When High Road Barbell Club started all I wanted was to help people improve their weightlifting. They signed up for this Barbell Club because that is what they desired. What I started to notice though is that everybody seemed to carry around many of the bad habits that I myself had been carrying with me as well. As the leader of this team I could not allow myself to make those negative choices anymore. I could not allow myself to get angry, frustrated or down simply because a lift or a lifting session did not go the way I desired. Although I lifted in a relatively empty gym most of the time and nobody could see me, I could still see myself. I had to decide to lead by example even if nobody was looking. The further away I got from my bad habits the closer I got to creating good habits. I learned more about patience, I learned more about self-control and most importantly the barbell helped me practice overcoming fear and doubt. I’ve been inspired by every single person I have seen set foot in this gym day in and day out. Most people do not have the amount of time to work on these things or analyze their own behavior and approach to the barbell the way I do. I could see myself in them. I saw their fear as my fear, I saw their doubt as my doubt, and when I saw them succeed I wanted nothing more than for them to understand that every single lift they attempt is a success simply because they are willing to attempt something the majority of people are not.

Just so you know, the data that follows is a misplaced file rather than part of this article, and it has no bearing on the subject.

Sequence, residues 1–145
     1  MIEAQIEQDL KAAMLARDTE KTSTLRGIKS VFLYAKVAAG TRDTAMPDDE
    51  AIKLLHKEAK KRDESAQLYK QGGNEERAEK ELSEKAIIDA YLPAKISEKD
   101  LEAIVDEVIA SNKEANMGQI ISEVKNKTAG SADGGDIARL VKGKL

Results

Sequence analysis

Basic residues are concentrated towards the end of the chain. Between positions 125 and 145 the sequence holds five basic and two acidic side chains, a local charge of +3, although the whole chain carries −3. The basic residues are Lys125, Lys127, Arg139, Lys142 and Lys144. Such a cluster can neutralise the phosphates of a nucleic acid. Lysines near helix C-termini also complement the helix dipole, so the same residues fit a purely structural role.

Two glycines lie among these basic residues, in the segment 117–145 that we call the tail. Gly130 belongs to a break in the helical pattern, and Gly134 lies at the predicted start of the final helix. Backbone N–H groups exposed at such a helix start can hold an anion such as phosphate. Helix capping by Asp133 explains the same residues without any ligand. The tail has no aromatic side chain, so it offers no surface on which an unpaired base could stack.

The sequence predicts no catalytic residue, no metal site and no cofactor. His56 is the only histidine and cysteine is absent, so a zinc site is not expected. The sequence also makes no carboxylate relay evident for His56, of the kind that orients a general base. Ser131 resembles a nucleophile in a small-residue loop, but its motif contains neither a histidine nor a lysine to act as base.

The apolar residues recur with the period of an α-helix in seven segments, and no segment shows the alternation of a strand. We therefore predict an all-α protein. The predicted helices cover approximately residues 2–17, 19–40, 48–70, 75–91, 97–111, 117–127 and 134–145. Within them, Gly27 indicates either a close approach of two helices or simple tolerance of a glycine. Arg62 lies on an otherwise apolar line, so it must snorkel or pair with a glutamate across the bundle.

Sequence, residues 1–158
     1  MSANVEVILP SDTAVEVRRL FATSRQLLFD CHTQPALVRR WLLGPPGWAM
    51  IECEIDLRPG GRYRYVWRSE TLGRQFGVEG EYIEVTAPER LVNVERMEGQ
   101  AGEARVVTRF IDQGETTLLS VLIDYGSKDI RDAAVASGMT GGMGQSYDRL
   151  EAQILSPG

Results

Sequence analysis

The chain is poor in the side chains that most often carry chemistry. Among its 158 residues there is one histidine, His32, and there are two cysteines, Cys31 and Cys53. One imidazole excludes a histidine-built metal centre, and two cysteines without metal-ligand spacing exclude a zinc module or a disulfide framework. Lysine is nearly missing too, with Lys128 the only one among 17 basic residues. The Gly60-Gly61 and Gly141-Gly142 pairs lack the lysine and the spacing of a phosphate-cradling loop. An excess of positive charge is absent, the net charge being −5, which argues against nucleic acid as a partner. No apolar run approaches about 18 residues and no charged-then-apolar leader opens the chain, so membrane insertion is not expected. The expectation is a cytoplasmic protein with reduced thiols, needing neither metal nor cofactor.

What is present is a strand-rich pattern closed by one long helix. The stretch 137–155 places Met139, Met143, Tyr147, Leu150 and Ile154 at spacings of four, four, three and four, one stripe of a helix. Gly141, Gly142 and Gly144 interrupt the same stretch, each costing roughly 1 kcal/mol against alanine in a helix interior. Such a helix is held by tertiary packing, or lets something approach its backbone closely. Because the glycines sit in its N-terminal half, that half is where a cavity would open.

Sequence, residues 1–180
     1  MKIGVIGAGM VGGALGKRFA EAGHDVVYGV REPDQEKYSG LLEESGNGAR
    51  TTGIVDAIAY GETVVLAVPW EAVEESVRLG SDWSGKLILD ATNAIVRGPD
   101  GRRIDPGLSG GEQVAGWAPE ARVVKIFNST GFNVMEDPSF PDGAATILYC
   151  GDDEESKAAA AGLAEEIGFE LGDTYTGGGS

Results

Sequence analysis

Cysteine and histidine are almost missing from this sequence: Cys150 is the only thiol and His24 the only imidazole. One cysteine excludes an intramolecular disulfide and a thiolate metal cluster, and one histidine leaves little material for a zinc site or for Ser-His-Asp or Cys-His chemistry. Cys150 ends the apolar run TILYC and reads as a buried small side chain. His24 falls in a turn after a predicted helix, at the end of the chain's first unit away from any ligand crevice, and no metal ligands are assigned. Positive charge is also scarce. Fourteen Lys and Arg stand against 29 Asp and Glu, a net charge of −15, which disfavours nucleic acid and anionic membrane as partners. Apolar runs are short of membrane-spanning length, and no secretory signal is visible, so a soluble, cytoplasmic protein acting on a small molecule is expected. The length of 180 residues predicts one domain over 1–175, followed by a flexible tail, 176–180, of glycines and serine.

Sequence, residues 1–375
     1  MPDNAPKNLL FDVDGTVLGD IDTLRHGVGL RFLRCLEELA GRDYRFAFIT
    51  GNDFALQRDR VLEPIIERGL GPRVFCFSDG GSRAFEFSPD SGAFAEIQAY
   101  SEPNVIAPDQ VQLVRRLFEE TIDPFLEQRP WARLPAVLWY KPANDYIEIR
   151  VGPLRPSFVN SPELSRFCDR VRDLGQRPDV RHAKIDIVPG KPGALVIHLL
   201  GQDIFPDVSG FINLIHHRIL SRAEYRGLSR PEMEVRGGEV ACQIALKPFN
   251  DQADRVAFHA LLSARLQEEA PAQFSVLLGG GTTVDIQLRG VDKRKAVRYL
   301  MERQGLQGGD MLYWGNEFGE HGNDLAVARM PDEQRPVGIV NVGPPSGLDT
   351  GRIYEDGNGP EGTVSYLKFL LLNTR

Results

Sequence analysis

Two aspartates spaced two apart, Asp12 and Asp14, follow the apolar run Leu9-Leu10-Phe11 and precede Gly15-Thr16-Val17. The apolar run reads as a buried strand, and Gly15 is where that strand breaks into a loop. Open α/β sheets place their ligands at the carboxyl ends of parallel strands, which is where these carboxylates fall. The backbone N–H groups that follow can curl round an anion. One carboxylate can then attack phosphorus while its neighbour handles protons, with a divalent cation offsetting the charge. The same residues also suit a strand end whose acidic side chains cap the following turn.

After dedicating a large amount of time to establishing the correct movement patterns with Olympic Weightlifting good habits get created as far as that aspect of the sport is concerned. This requires much patience and attention to detail. The majority of people are able to achieve pretty good movement in a relatively short amount of time when given the proper amount of coaching and attention. Beyond that, we must lift heavy weight to find out when the mind gets in the way of the body and slows down/breaks down the movement leading to missed lifts. In the process of providing this challenge for the members of High Road Barbell Club I see some progress, but I also see a consistent repeat of the same mistakes, FEAR and DOUBT. I see individuals on a weekly basis getting to the point where they no longer trust themselves, trust what allowed them the opportunity to make a heavier attempt and it seems as though they no longer trust me. I see the look on their faces that I used to have on mine. I would become so consumed by fear of a mistake or a missed lift that I would totally lose focus on what was really important, creating the greatest opportunity for success. To create the greatest opportunity for success we must be as aggressive as we possibly can in order to exert the greatest amount of force to move the weight. Will the lifts always be perfect when we do this? Probably not, but this sport is not always about perfection in my opinion, it is about progress. In order to overcome fear and doubt we must establish new habits by making different choices than we have in the past. If you know you are missing lifts because of fear, frustration, doubt and/or any other mental roadblock then why would you continue to make that choice week in and week out? If there is 1 mistake and that mistake is not giving everything you have I believe it is a challenge to overcome, but you have the opportunity in each moment to overcome it and create a whole new habit eliminating that problem of being consumed by doubt and fear.